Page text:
Meanwhile, in the analysis for healthspan and lifespan, we also found several proteins which play a role in inflammation and immune function and have not been reported in previous MR studies, including CXCL9, HLA-DRA, LILRB4, IL19 and TNFRSF8. CXCL9 was involved in T cell trafficking. In animal experiments, it increased with aging, which can be prevented by calorie restriction, an established approach of increasing longevity [31]. Consistently, we found CXCL9 was related to shorter years of life. HLA-DRA was expressed on the surface of various antigen presenting cells such as B lymphocytes, dendritic cells, and monocytes/macrophages, and plays a central role in the immune system. The expression of HLA-DRA was higher in older people [32]. LILRB4 plays an important role in adaptive immunity, and increases with age in animal experiments [33]. In our study, we further suggested that increased HLA-DRA and LILRB4 lower healthspan and lifespan, respectively. TNFRSF8 may play a role in the regulation of cellular growth, transformation of activated lymphoblasts. Its regulating gene, TNFRSF8, has also been shown to relate to ageing [34]. IL19 promotes the production of IL6, which increased with age and its in vitro synthesis is prevented by diet restriction [35]. In our study, for the first time, we clearly showed that TNFRSF8 and IL19 possibly lowered lifespan.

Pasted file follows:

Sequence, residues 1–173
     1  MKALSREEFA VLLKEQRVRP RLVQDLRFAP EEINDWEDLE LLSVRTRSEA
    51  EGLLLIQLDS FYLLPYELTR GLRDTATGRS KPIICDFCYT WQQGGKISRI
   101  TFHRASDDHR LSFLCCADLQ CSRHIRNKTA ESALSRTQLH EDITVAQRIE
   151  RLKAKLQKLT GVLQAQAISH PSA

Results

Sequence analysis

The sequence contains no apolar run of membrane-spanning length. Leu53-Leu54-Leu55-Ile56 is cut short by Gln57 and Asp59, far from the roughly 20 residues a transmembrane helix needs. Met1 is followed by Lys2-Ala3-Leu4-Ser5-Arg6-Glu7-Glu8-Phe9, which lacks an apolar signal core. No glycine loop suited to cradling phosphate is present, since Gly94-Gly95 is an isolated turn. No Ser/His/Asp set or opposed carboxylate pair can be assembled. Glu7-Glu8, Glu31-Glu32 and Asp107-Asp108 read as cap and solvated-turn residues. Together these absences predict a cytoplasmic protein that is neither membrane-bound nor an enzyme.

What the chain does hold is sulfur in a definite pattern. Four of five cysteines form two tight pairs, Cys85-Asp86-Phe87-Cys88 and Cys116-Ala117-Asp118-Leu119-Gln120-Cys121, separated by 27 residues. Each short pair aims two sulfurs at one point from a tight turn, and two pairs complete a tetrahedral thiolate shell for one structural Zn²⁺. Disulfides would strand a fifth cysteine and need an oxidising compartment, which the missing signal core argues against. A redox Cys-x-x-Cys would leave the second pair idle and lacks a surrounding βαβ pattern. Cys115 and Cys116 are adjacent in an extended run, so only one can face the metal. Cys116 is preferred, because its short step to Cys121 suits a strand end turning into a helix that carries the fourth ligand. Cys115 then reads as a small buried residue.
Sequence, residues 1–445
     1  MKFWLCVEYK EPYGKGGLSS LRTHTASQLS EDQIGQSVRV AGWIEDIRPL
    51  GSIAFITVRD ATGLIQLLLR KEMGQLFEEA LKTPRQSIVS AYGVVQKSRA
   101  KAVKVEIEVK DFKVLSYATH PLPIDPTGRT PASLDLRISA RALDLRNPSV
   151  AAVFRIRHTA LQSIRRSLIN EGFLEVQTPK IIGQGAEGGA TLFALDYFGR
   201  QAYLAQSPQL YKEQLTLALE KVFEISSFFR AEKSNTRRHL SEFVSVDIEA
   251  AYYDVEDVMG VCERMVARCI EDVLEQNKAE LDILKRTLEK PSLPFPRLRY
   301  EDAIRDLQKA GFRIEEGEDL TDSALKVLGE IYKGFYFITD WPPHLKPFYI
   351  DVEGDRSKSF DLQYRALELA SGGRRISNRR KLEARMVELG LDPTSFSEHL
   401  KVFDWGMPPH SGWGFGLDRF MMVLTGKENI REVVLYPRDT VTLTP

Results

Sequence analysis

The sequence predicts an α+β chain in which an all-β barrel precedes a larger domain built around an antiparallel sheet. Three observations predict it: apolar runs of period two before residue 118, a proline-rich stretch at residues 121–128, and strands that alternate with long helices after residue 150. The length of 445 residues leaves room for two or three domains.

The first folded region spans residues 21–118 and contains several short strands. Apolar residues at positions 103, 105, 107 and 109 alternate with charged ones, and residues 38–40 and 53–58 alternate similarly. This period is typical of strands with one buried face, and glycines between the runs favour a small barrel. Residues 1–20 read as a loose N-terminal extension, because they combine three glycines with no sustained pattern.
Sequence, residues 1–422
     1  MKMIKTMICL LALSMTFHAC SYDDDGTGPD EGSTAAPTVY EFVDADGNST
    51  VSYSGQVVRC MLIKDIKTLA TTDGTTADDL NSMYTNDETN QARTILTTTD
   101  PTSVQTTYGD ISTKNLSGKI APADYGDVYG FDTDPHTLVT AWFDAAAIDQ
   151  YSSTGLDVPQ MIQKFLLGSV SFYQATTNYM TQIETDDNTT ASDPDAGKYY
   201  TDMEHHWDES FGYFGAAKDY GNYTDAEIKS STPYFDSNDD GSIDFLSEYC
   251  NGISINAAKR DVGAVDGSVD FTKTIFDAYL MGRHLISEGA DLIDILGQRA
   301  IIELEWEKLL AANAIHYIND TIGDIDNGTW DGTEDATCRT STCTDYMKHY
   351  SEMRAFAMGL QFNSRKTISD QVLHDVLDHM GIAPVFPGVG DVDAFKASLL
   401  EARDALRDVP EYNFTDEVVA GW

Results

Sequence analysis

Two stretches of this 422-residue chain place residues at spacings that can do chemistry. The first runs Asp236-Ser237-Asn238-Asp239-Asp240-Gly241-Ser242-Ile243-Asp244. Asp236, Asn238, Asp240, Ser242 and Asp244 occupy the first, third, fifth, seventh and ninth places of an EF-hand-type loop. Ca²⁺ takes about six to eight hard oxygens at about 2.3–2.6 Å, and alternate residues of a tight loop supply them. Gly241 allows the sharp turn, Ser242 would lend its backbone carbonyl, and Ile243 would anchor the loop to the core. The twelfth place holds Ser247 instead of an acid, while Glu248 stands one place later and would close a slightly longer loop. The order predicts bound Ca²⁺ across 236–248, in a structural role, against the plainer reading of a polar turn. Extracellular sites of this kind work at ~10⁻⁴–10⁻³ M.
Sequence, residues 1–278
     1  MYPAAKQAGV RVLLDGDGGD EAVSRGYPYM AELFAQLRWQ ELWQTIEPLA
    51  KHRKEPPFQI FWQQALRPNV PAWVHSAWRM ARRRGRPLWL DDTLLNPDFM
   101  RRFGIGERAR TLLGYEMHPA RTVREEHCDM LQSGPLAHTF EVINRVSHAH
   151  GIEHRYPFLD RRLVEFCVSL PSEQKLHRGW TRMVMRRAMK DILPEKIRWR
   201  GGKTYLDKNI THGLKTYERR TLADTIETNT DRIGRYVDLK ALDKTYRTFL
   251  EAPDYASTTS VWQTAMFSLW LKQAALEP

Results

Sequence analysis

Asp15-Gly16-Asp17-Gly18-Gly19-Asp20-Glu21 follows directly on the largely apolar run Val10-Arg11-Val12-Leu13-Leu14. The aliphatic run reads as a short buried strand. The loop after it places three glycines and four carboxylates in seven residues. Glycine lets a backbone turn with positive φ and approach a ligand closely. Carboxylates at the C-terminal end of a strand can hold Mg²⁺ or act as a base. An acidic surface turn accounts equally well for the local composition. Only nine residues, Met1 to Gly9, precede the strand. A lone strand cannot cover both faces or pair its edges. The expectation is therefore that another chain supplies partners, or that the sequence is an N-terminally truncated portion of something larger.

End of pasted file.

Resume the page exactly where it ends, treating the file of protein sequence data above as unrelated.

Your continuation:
Proteins involved in apoptosis

Apoptosis is an important process in aging. Consistent with previous studies [36], we found FOXO3 affects healthspan and maternal lifespan. The FOXO3 gene functions as a trigger for apoptosis through expression of genes necessary for cell death. Notably, in the proteins related to COVID-19, we also found several proteins involved in apoptosis, such as FGFR2 and ERBB4. FGFR2 promotes gastric cancer progression by inhibiting the expression of Thrombospondin4 via PI3K-Akt-Mtor pathway [37]. Drug targeting FGFR2 has been hypothesized to be used as treatments for COVID-19 [38] but this has not been tested in trials. ERBB4 is a tyrosine-protein kinase that plays an essential role as cell surface receptor for neuregulins and EGF family members and regulates cell proliferation, differentiation, migration and apoptosis. ERBB4 was downregulated after the coronavirus infection, and was upregulated by using the Wortmannin, which may inhibit the pathological cycle and development of SARS-CoV-2 in the human hosts [39].

Notably, we also found LEFTY2 contributes to both COVID-19 and lifespan. LEFTY2 lowers the risk of all COVID-19 phenotypes and increases paternal and maternal lifespan. LEFTY2 encodes a secreted ligand of the transforming growth factor-beta (TGF-beta) superfamily of proteins, which acts as a crucial regulator of cell growth, proliferation, differentiation and apoptosis [40]. More studies are needed to clarify the pathways underlying the effects of LEFTY2, to provide insights for clinical practice and healthcare.

Proteins involved in metabolism